Can I get divorced if he says he won’t sign the papers?
Often, one spouse wants a divorce and one does not. The one who does not will often look for any possible way of stalling the proceedings. Many think that a refusal to sign the paperwork will prevent the divorce from happening.
Unfortunately for those spouses, this is simply not true. The fact is, there are two kinds of divorce: contested and uncontested.
What’s the difference between contested and uncontested?
Let’s start with an uncontested divorce. An uncontested divorce is one in which both spouses agree that the marriage is over and that they both want to end it legally and move on with their lives. In addition, they agree on everything about the divorce. They agree on child custody, visitation, and support; alimony; the distribution of assets and debts; and the grounds for the divorce. Because everything is agreed on, the divorce happens quickly and easily, with no need for mediation or hearings where a judge makes decisions.
This kind of divorce is usually faster, cheaper (no need for lawyers when everything is agreed on), and easier. It’s also what’s known as an amicable divorce.
Contested divorces are all other divorces. Examples of contested divorces are:
-When he won’t agree to sign the papers
-When you can’t agree on child custody, support, or visitation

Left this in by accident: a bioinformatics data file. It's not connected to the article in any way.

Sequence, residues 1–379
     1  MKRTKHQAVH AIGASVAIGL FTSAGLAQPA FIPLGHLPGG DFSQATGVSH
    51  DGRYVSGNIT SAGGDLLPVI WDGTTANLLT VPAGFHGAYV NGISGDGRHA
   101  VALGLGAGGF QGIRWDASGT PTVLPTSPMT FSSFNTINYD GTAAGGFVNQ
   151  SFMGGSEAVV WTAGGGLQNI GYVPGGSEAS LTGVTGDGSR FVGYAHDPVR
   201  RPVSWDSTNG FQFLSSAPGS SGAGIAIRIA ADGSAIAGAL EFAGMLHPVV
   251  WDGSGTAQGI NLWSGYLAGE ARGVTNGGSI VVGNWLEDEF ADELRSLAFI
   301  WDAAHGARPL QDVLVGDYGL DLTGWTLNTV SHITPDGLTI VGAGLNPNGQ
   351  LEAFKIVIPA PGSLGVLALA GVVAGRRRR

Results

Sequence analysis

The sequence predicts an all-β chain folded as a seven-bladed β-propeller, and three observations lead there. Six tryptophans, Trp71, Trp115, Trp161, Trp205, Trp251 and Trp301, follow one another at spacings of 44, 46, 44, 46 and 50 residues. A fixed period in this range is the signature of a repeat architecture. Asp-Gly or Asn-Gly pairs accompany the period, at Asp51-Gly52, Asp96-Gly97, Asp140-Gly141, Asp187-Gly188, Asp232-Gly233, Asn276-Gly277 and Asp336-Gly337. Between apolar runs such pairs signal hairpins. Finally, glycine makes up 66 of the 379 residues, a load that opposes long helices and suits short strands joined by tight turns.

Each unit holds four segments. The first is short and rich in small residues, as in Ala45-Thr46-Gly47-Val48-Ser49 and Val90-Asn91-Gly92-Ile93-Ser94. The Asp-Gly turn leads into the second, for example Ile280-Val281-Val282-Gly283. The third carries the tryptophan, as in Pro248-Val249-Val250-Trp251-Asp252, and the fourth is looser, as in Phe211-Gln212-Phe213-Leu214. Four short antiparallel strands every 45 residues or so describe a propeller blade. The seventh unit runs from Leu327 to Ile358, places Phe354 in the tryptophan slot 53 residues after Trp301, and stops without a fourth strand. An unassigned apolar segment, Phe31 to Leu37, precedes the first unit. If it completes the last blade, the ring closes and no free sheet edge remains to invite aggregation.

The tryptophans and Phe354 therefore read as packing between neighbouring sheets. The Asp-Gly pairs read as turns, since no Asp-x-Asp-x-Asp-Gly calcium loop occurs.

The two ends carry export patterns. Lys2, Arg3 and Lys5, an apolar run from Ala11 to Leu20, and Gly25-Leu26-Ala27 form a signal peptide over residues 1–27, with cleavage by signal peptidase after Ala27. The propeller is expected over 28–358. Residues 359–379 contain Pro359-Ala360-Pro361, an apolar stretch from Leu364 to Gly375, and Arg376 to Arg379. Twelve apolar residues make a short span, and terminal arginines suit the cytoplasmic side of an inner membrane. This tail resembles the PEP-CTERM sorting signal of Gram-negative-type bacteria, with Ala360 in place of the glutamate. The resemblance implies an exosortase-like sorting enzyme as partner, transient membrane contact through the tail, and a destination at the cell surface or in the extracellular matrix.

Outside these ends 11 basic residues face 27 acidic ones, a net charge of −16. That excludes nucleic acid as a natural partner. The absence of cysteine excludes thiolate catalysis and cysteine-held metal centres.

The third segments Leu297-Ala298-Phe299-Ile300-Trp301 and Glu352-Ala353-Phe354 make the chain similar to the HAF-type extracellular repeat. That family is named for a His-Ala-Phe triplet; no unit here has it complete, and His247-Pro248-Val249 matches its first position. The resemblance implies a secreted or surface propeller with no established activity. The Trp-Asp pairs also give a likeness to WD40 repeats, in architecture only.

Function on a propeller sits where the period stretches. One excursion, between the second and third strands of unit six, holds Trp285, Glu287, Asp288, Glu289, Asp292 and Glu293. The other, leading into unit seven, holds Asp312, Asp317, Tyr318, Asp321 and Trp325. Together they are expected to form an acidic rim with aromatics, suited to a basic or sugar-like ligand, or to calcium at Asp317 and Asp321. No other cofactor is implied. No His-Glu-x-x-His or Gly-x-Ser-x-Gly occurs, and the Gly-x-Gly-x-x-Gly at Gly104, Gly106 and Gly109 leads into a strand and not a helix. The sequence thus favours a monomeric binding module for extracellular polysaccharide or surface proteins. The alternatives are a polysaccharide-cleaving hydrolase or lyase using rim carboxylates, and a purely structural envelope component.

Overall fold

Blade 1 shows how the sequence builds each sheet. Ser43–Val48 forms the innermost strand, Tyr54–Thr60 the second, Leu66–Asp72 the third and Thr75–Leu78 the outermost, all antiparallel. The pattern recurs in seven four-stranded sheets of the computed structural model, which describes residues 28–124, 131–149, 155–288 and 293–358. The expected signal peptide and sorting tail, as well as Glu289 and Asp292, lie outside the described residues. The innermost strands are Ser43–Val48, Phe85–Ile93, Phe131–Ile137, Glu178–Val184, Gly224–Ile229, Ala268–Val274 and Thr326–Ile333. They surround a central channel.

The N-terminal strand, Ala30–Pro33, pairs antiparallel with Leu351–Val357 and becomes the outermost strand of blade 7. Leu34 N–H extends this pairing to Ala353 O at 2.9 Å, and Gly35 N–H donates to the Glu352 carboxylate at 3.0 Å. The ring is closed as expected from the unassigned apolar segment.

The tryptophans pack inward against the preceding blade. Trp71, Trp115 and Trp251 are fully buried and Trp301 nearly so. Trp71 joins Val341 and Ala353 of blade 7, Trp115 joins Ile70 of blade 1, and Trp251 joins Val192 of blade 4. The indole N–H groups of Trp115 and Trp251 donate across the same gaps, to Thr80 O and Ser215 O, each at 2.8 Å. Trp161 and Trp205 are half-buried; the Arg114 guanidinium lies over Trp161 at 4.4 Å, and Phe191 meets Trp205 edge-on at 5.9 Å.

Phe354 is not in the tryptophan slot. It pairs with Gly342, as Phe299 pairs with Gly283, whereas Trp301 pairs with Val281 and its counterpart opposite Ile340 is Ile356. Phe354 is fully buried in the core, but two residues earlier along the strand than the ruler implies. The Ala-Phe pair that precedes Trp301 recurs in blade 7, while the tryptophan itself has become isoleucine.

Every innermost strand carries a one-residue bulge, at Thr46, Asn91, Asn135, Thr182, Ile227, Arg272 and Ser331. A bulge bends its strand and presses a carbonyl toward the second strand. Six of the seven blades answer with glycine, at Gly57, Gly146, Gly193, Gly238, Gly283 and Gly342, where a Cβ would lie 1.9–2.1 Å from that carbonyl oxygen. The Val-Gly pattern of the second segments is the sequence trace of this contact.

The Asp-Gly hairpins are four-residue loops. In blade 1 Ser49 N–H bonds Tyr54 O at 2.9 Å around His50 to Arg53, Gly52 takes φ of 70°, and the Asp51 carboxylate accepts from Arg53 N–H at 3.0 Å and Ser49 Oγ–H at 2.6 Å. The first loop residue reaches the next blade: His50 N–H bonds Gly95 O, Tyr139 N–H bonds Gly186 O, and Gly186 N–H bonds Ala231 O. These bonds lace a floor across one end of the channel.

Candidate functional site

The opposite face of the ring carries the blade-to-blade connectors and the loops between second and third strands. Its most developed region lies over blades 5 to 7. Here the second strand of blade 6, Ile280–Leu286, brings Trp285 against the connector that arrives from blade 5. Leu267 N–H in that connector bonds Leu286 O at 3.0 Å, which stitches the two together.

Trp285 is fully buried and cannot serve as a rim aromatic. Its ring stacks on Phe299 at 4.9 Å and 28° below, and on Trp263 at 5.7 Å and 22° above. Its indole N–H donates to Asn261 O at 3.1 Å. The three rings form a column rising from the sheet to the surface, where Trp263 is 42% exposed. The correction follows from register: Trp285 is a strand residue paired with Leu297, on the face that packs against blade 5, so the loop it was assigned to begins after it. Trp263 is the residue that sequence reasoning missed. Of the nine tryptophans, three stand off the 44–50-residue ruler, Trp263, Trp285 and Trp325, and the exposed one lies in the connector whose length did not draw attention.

-When you can’t agree on distribution of assets or debts
-When you don’t agree on the grounds for divorce
A contested divorce takes longer, because there will be hearings or mediation in an attempt to help the couple sort out the problems and come to an agreement. It also tends to be more expensive, because you often need a lawyer to help you handle it properly. It’s almost never easy, because there’s at least one thing you don’t agree on.
A refusal to sign the papers, in a contested divorce, could mean that he won’t respond to your petition for divorce. This means that you could potentially get a default judgment against him.
What is a default judgment?
If your husband doesn’t respond to the petition for divorce, you can possibly get a default judgment against him. This means that your divorce is granted, without his consent, and without the court hearing his side of things.
What should I do to file the contested divorce?
A contested divorce is typically easier if you hire a lawyer to help guide you through the process. A lawyer can help you fill out the paperwork, serve your husband, and guide you through the next steps, whether he responds or chooses to ignore the petition.
The bottom line is that your husband cannot prevent the divorce by refusing to sign the papers. He can slow the process down, but you can still file and get the ball rolling. It may take longer, and cost a little more, but in the end, you can get the divorce with or without his signature or cooperation. Talk to a lawyer to get the process started.